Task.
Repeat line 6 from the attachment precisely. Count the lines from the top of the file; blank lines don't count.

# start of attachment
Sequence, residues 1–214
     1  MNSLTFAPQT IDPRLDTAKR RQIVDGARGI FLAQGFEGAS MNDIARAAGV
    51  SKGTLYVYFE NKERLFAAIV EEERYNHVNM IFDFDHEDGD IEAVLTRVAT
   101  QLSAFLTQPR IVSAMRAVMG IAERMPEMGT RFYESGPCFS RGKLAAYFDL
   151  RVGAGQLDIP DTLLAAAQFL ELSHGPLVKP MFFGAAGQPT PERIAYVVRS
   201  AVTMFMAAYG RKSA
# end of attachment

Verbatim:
   201  AVTMFMAAYG RKSA